T-shirt quality. You get what you pay for. I have printed promotional quality Ts that you could read a newspaper through. Needless to say a thin cheap T prints poorly. There just isn't much material for your ink to grab onto. Most home printers use waterbased inks that sit into the t shirt material. You will want a thicker shirt to give you a nice durable print.


Y'all might want to find a commercial t-shirt supplier to get shirts from. There are many of them on the net now. Just search for "imprintables". All of us have tax ID #s so why not use them? Keep in mind your pricing will depend on the volume you buy. See if you can find someone who is sympathetic to the BSA and ask if they could find it in their hearts to give you Case Pricing. Case Pricing is where you want to be. As far a brands I'd suggest Hanes Beefy Ts, Anvil, Fruit of the Loom and other larger names. Russel Athletic always has quality control issues. Be sure to inspect every shirt you get when you get them and send back anything that isn't up to snuff. Don't be nervous about sending back only T either. That's business as usual in printing.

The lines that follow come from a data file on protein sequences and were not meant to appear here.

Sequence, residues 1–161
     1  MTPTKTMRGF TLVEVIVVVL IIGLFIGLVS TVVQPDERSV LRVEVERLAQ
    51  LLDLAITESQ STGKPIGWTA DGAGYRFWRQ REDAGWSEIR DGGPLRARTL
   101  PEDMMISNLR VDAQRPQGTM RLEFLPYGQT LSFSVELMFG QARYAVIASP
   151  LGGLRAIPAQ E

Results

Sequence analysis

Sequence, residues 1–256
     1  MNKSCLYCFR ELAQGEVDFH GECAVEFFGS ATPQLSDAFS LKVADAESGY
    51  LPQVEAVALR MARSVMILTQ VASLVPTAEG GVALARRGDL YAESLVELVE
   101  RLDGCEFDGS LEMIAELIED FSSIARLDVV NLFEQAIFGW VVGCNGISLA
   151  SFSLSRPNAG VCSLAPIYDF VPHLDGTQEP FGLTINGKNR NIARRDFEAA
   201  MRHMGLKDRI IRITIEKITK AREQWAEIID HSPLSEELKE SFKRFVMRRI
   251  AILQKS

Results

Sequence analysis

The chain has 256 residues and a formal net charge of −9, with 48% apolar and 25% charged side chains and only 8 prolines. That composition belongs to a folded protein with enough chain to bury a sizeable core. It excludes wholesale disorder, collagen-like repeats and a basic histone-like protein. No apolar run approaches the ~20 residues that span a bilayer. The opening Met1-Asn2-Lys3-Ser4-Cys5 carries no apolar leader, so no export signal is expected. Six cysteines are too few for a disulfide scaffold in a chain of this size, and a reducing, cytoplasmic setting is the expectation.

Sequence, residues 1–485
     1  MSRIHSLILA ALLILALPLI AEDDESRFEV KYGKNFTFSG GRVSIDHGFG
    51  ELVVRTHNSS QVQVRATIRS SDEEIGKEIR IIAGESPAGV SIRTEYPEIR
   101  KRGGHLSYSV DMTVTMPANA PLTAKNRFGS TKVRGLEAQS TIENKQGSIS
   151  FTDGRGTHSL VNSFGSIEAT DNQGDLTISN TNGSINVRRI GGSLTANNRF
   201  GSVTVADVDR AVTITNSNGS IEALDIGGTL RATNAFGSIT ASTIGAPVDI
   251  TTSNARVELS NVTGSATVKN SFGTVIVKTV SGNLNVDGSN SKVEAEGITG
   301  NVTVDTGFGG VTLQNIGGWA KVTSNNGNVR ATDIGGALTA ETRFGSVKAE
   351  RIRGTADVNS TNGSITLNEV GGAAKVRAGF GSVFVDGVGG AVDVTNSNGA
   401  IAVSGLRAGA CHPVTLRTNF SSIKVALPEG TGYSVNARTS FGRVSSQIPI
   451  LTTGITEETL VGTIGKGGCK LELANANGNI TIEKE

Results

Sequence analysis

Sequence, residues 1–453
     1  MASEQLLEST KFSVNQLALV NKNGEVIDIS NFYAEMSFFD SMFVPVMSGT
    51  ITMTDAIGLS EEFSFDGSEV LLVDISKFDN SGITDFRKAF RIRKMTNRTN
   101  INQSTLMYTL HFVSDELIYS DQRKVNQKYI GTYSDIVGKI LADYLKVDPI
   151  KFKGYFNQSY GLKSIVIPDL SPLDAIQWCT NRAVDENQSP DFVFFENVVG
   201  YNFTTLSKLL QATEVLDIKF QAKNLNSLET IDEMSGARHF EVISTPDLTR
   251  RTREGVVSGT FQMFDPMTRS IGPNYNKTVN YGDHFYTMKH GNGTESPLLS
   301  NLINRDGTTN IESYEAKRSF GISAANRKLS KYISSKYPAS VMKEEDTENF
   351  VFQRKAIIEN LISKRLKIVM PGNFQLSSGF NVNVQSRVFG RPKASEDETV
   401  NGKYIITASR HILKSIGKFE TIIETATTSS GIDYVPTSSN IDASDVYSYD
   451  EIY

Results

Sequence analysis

Printing on a pocket.

Get a piece of plywood or masonite about 5 or 6 inches wide and about 2 feet long. You want it to be as smooth as possible and as rigid as possible. Cut the material so that it will fit into the shirt pocket without distorting the shirt. Be sure to round it off so the end of the board looks like a U when looking down on it. You have just built a pocket palette.


Clamp the palette to a sturdy table so that your U end is pointing towards you and hanging over the edge of the table.